My former colleague Spencer Ackerman got his hands on a deeply ironic letter written by the NSA to two senators, in which the agency claims that they can’t tell them how many people have been targeted for surveillance because that would violate the privacy of those who were targeted. I wish I was kidding.
The surveillance experts at the National Security Agency won’t tell two powerful United States Senators how many Americans have had their communications picked up by the agency as part of its sweeping new counterterrorism powers. The reason: it would violate your privacy to say so.
That claim comes in a short letter sent Monday to civil libertarian Senators Ron Wyden and Mark Udall. The two members of the Senate’s intelligence oversight committee asked the NSA a simple question last month: under the broad powers granted in 2008′s expansion of the Foreign Intelligence Surveillance Act, how many persons inside the United States have been spied upon by the NSA?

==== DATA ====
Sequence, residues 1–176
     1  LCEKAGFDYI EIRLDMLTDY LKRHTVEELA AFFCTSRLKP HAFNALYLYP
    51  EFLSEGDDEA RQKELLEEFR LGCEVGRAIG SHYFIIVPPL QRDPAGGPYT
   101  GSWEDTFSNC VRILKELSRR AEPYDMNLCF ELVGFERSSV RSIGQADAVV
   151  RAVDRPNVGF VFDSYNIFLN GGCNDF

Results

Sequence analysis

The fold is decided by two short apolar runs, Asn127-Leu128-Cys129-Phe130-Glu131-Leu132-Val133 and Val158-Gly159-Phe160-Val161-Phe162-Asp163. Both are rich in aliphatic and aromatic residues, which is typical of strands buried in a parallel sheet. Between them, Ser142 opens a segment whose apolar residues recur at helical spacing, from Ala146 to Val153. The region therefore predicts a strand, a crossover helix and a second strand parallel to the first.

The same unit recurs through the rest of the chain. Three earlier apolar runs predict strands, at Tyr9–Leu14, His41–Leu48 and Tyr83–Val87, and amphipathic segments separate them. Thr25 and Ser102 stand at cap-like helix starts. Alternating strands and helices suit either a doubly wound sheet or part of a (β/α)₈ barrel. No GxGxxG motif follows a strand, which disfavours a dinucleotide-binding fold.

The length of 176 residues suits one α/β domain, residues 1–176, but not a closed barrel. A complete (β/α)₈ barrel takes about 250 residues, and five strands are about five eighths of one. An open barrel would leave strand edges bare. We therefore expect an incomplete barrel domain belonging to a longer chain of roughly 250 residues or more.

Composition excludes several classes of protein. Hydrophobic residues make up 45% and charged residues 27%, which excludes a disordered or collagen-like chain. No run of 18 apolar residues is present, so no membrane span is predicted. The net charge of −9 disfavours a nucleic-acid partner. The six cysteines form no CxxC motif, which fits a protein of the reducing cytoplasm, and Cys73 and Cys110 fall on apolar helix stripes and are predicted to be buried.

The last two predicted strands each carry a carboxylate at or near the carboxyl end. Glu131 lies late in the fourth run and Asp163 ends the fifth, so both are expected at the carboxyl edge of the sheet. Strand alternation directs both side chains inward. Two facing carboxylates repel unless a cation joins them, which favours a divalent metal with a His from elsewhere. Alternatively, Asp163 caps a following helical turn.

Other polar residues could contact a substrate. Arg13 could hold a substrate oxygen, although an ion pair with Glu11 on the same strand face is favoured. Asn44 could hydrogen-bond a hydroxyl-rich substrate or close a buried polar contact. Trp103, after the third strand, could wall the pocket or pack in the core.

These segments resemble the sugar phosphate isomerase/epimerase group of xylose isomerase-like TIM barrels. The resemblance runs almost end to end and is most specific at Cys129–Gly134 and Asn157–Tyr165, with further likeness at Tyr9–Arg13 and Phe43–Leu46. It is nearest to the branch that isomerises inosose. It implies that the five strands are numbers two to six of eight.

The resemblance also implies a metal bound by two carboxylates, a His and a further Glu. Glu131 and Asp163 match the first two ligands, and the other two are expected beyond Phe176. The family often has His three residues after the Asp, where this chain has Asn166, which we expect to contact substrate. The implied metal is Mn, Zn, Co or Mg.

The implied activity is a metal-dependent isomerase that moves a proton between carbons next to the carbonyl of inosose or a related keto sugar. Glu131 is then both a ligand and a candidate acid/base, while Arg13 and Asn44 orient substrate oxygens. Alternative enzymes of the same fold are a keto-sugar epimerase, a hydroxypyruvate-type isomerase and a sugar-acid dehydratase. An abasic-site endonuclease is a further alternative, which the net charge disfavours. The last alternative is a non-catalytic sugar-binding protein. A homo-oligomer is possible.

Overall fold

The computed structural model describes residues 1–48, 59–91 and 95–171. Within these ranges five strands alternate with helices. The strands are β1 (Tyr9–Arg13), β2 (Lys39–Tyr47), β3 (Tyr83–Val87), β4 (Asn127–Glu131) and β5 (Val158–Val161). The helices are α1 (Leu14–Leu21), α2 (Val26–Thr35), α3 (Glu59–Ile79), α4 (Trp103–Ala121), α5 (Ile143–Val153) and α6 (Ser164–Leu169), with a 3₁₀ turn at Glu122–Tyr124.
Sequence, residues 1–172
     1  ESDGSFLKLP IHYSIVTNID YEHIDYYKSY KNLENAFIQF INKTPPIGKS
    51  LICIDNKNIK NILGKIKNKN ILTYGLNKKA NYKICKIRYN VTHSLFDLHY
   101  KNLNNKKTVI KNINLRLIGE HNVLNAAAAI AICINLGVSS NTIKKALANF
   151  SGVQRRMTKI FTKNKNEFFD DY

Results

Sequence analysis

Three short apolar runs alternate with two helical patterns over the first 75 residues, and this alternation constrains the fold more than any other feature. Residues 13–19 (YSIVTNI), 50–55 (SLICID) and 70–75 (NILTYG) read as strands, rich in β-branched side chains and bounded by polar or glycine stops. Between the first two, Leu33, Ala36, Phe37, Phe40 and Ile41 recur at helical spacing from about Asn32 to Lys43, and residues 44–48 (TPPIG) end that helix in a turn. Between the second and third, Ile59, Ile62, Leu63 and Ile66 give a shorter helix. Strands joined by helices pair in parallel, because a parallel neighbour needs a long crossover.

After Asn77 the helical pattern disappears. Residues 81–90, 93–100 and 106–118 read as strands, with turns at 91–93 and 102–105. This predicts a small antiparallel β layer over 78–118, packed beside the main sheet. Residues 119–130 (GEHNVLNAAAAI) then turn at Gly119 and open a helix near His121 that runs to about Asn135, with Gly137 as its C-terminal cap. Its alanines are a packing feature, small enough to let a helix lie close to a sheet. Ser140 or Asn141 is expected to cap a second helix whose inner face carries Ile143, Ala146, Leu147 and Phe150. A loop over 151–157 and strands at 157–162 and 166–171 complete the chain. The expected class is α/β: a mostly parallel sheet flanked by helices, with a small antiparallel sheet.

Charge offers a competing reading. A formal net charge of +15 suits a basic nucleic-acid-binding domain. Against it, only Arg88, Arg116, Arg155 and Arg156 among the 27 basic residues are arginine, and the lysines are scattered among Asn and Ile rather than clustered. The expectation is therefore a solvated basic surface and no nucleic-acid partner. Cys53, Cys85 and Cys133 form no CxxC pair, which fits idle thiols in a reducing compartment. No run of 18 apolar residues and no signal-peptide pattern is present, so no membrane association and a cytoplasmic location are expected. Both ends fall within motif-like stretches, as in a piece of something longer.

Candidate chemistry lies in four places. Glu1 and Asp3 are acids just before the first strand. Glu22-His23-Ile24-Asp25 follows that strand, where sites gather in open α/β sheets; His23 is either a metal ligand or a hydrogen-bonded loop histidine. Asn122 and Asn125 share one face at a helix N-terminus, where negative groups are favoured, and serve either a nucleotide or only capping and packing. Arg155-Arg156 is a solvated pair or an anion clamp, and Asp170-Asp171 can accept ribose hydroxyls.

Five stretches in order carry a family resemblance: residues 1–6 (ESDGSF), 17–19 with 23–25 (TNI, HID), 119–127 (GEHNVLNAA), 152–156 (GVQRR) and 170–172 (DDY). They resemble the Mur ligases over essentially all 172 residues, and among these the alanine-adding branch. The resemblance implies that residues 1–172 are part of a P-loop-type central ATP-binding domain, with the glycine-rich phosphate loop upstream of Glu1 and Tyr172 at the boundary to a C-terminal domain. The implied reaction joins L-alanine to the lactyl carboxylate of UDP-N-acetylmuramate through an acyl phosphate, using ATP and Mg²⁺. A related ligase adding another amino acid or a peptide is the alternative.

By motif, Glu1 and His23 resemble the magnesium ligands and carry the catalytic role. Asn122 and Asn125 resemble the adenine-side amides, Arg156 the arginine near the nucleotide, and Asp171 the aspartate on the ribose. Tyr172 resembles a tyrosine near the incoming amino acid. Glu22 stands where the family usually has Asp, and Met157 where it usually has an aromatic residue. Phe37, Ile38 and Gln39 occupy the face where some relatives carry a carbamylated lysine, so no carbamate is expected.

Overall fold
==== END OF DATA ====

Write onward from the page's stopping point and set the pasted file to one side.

The query bounced around the intelligence bureaucracy until it reached I. Charles McCullough, the Inspector General of the Office of the Director of National Intelligence, the nominal head of the 16 U.S. spy agencies. In a letter acquired by Danger Room, McCullough told the senators that the NSA inspector general “and NSA leadership agreed that an IG review of the sort suggested would further violate the privacy of U.S. persons,” McCullough wrote.
See, spying on Americans without a warrant does not violate their privacy, but telling the oversight committee how many they’ve spied on without a warrant does. I’m glad they cleared that up.
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